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As a follow-up to the post on vitamins and minerals from last weekend, thanks to the comment of a very astute reader and friend I was directed to some new information about a link between antacids and poor absorption of nutrients by the body.  A study just published this past December 2013 in the Journal of the American Medical Association found that people who took acid-inhibiting medications like Zantac, Prilosec and Nexium for two or more years were more more likely to develop a Vitamin B12 deficiency (this was particularly true if they took drugs called proton pump inhibitors, which can suppress 90 percent of stomach acid. Over-the-counter brand names for those include Prevacid and Prilosec).  And higher doses were found to be more strongly linked to the deficiency than lower doses. An article from Healthline summarized the study as follows:

“People taking acid-inhibiting medications, such as Prilosec, Zantac, Pepcid, or Nexium, could be short on Vitamin B12. According to a new study in the Journal of the American Medical Association, proton pump inhibitors (PPIs) and histamine 2 receptor antagonists (H2RAs) suppress gastric acid production, which can mean that the Vitamin B12 in food is not properly absorbed into the body. Vitamin B12 deficiency is linked to serious health complications, such as anemia, nerve damage, and dementia.”

This study is getting so much press because it is among the first to show associations between long-term exposure to antacids and vitamin B12 deficiency in a large population-based study.  Interestingly, the researchers also found that the association between the medications and B12 deficiency was stronger in women and younger age groups, but decreased when people stopped using them.

According to Chris Kresser, because stomach acid is a prerequisite for healthy digestion and the breakdown and absorption of nutrients occurs at an optimum rate only within a narrow range of acidity in the stomach, it makes sense that drugs that cause a decrease in stomach acid impair nutrient absorption. If there isn’t enough acid, the normal chemical reactions required to absorb nutrients are impaired.  In a nutshell:  People usually get their B-12 from animal proteins. Stomach acid separates the B-12 from the food proteins and makes it easier for the body to absorb. So when there’s less acid, there’s less B-12 available.  Chris goes through how stomach acid plays a key role in the digestion of protein and the separation of the vitamins from carrier proteins (when food is eaten, the secretion of stomach acid (HCL) triggers the production of pepsin, which is the enzyme required to digest protein, so if HCL levels are suppressed, pepsin levels are as well and proteins don’t get broken down into their component amino acids and the vitamins don’t get separated from the proteins for the body to use).  And as for those micronutrients (vitamins, minerals and nutrients), as he notes, even if we eat the most nutritious diet, if we aren’t absorbing those nutrients they won’t benefit us!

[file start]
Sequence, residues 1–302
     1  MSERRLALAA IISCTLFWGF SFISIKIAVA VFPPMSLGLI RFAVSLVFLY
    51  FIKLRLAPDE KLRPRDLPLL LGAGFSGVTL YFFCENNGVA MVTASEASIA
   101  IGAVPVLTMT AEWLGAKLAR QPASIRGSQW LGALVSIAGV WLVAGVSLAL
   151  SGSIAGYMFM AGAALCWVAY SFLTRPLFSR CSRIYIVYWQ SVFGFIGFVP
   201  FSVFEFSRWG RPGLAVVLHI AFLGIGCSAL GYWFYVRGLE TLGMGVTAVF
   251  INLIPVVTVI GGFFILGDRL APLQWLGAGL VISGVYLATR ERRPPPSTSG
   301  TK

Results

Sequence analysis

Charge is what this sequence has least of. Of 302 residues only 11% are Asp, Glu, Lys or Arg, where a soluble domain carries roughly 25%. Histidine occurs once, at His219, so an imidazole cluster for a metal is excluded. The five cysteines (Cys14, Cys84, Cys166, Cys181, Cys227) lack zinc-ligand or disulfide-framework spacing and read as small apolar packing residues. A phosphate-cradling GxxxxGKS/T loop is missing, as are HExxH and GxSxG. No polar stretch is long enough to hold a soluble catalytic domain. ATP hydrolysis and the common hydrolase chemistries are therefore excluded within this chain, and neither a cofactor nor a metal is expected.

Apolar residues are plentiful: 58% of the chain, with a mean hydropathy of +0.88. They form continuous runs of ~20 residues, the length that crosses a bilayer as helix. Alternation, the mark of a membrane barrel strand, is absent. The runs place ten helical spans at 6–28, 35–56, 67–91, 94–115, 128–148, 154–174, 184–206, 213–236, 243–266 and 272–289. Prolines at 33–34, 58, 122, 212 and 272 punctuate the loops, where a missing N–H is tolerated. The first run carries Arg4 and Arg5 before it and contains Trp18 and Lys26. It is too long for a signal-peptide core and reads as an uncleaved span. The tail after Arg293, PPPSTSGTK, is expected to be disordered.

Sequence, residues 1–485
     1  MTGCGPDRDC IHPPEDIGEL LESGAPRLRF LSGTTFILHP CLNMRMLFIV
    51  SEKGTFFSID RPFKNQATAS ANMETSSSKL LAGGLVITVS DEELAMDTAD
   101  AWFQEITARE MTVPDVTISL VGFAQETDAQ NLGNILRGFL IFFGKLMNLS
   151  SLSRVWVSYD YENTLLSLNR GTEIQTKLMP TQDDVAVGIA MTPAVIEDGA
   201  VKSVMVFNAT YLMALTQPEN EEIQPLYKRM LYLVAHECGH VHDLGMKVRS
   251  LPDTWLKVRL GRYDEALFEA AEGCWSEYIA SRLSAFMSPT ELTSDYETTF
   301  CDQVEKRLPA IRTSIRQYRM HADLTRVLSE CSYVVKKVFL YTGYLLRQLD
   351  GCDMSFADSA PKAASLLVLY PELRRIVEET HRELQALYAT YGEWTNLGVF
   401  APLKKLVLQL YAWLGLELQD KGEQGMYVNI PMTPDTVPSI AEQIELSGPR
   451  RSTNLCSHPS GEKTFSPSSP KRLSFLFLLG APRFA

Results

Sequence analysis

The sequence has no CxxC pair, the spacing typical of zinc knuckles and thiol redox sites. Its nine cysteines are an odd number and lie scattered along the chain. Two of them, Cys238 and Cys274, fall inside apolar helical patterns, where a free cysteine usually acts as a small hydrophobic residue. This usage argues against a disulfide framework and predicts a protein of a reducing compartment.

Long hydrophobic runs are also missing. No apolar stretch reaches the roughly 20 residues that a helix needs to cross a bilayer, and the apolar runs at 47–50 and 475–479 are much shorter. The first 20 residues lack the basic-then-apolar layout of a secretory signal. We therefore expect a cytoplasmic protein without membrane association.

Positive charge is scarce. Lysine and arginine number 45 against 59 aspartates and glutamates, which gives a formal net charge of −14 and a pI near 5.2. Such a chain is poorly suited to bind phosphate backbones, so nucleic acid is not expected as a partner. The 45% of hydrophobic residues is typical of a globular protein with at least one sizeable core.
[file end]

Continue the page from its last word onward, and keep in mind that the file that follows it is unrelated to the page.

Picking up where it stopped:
As acid declines and the pH of the stomach increases, absorption of nutrients becomes impaired. Decades of research have confirmed that low stomach acid – whether it occurs on its own or as a result of using antacid drugs – reduces absorption of several key nutrients such as iron, B12, folate, calcium and zinc.

Chris sites multiple studies that have found a link between low stomach acid and poor absorption of these key nutrients.

Of course, all health decisions are individual and should be made with the help of a practitioner and the authors of the study were careful to note the limits of their findings in this regard, but, as they say, perhaps this information should cause people to exercise more caution when taking such medications.  

“These findings do not recommend against acid suppression for persons with clear indications for treatment, but clinicians should exercise appropriate vigilance when prescribing these medications and use the lowest possible effective dose.”

Lastly, if you suffer from acid reflux or heartburn or know someone who does, you might be interested in an article by Dr. Joseph Mercola on the subject with helpful tips on treating acid reflux and optimizing your B12 levels.

 

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One Response to Recent Study Finds Link Between Long-Term Use of Antacids and Vitamin B-12 Deficiency

  1. […] things like stress, strenuous exercise, dieting, alcohol and over-the-counter and prescription medications. They created a Micronutrient Sufficiency Quiz that helps gauge the likelihood that you’re […]

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